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Western Digital shingled out in lawsuit for sneaking RAID-unfriendly tech into drives for RAID arrays
Probing by El Reg's Chris Mellor highlighted in class-action complaint
A US law firm is seeking owners of certain shingled Western Digital drives to join a class-action suit against the storage slinger, saying the manufacturer didn't document its use of shingled magnetic recording (SMR) in kit aimed at RAID arrays.
Hattis Law today revealed it is looking for plaintiffs in the US who bought the affected drives to back its case regarding undocumented shingling in WD Red NAS hard drives, as well as some of its Blue and Black drives. Given the relative slowness of SMR drives, they aren't really suitable for write-heavy RAID work, though WD is accused of advertising them for just that purpose.
The use of SMR in WD Red NAS drives was first reported by The Register's sister site Blocks and Files, whose investigatory work is highlighted in the lawsuit's paperwork.
Hattis Law, in its legal complaint [PDF], extensively quotes from articles the matter penned by our storage vulture Chris Mellor, including an admission in early April from WD that: "You are correct that we do not specify recording technology in our WD Red HDD documentation."
The law firm thus claimed in its paperwork, filed in a California federal district court:
WDC [Western Digital Corporation] surreptitiously sneaked — without any disclosure whatsoever — this SMR technology into its WD Red NAS hard drives within the past year or so in an effort to shave costs while keeping the selling price the same.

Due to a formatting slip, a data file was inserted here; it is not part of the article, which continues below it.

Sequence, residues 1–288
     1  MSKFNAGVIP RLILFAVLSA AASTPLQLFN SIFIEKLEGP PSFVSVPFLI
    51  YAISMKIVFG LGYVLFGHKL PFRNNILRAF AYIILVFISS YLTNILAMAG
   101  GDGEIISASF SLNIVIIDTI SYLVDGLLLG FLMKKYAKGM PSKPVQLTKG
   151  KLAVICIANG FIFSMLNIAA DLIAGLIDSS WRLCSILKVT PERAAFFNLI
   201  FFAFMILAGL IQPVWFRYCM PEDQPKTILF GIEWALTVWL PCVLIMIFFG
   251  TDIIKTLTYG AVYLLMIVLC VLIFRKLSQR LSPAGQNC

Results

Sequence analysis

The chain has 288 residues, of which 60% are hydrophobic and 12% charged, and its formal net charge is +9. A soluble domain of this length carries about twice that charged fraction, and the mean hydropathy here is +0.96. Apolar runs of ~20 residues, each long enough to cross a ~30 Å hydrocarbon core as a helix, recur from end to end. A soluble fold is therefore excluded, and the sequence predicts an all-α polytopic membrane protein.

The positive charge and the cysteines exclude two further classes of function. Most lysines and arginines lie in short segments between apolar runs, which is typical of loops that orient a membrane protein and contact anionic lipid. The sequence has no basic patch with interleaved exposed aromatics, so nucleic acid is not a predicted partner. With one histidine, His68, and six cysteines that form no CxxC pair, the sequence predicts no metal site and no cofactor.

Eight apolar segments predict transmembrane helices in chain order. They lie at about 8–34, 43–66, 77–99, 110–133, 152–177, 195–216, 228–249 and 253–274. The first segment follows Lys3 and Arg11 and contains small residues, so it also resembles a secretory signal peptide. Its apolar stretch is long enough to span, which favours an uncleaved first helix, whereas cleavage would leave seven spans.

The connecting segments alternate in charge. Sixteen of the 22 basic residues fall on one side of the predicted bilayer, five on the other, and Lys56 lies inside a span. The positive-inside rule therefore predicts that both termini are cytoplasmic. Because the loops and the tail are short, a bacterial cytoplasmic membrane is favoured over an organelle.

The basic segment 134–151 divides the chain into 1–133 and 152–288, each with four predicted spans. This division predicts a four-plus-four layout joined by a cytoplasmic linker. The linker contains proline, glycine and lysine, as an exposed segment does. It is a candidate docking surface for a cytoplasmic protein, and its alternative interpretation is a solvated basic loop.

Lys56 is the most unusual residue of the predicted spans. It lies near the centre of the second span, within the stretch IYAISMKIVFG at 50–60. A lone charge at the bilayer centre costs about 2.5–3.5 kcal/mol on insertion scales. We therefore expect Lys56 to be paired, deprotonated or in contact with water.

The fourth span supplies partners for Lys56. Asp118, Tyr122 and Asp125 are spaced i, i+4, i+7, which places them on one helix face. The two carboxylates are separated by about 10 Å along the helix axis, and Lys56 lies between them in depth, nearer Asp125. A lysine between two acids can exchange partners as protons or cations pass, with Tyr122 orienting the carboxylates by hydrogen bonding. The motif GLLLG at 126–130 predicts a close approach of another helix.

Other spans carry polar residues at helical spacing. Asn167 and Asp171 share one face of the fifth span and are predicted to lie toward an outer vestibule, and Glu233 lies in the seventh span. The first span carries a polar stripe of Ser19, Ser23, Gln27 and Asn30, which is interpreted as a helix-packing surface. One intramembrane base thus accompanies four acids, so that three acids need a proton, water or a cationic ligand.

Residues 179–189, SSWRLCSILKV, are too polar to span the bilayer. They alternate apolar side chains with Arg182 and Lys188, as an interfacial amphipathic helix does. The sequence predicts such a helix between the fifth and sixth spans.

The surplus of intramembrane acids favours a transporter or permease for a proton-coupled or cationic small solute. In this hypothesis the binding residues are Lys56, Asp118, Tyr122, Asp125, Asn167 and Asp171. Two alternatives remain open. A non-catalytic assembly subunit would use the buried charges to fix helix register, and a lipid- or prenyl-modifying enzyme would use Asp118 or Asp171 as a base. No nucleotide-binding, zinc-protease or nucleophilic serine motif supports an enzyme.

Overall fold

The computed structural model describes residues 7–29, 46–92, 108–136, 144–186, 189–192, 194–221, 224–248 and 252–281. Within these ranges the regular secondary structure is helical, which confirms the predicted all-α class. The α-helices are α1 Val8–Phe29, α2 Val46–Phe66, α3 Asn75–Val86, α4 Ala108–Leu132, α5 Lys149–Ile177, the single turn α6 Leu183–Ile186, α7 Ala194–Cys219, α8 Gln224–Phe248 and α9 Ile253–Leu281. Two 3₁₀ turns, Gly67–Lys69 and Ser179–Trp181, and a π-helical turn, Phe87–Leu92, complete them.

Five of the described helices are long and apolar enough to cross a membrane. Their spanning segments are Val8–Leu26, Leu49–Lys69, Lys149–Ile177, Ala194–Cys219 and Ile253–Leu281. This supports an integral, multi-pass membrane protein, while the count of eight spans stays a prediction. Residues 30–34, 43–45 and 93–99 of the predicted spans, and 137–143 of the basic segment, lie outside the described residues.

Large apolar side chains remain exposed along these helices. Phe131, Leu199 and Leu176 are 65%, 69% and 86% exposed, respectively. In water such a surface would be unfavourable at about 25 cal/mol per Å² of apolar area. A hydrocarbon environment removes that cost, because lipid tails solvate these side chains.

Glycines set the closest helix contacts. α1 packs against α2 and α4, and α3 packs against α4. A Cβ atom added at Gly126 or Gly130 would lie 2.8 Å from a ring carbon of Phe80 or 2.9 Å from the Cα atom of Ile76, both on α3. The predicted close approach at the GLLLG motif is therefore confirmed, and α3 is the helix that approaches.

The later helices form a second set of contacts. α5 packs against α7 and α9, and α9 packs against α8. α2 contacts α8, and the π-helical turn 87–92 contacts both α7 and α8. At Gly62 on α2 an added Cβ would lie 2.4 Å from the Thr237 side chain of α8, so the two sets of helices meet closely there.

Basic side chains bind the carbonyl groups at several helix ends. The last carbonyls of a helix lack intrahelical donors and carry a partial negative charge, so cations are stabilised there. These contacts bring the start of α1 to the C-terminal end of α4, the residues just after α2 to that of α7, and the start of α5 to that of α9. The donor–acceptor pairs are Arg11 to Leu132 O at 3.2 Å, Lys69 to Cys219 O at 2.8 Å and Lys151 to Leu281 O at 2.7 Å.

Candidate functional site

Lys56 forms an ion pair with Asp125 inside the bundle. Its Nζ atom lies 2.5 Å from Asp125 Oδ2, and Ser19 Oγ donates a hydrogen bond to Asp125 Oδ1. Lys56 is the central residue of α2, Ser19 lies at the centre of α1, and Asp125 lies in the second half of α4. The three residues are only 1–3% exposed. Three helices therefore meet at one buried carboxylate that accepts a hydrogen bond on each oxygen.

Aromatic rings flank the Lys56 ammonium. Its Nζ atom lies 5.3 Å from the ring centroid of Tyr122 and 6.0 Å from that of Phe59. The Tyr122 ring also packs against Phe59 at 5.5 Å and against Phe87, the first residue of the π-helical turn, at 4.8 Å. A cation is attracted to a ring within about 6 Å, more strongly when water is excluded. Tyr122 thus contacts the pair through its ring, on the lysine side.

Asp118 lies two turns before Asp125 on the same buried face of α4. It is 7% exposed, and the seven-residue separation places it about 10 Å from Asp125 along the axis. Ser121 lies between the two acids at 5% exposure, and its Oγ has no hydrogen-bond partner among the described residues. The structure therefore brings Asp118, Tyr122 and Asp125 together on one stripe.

As a result of WDC’s fraud and deception, thousands of customers nationwide who purchased the WD Red NAS hard drives for their advertised and intended use have been duped, and have suffered harm and damages.
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SMR hard drives are best used in workloads where the majority of the drive's duty cycle consists of reads rather than writes. In RAID setups this is sub-optimal. Crucially, WD had marketed the WD Red NAS drives for RAID arrays.
In April, eight days after Mellor's investigation was published, WD emitted a blog post that said customers should only be using the drives in home and for smaller business' NAS setups rather than RAID boxes: "Having built this reputation, we understand that, at times, our drives may be used in system workloads far exceeding their intended uses."
A later apologetic update by the drive-maker set out precisely which WD Red SKUs used SMR tech and which used CMR, in which the recording tracks on the disk platter are laid side by side instead of overlapping.
In the wake of the issues, Seagate and Toshiba also confirmed some undocumented use of shingled magnetic recording in some of their drives.
A WD EMEA spokesman did not immediately respond to a call for comment. ®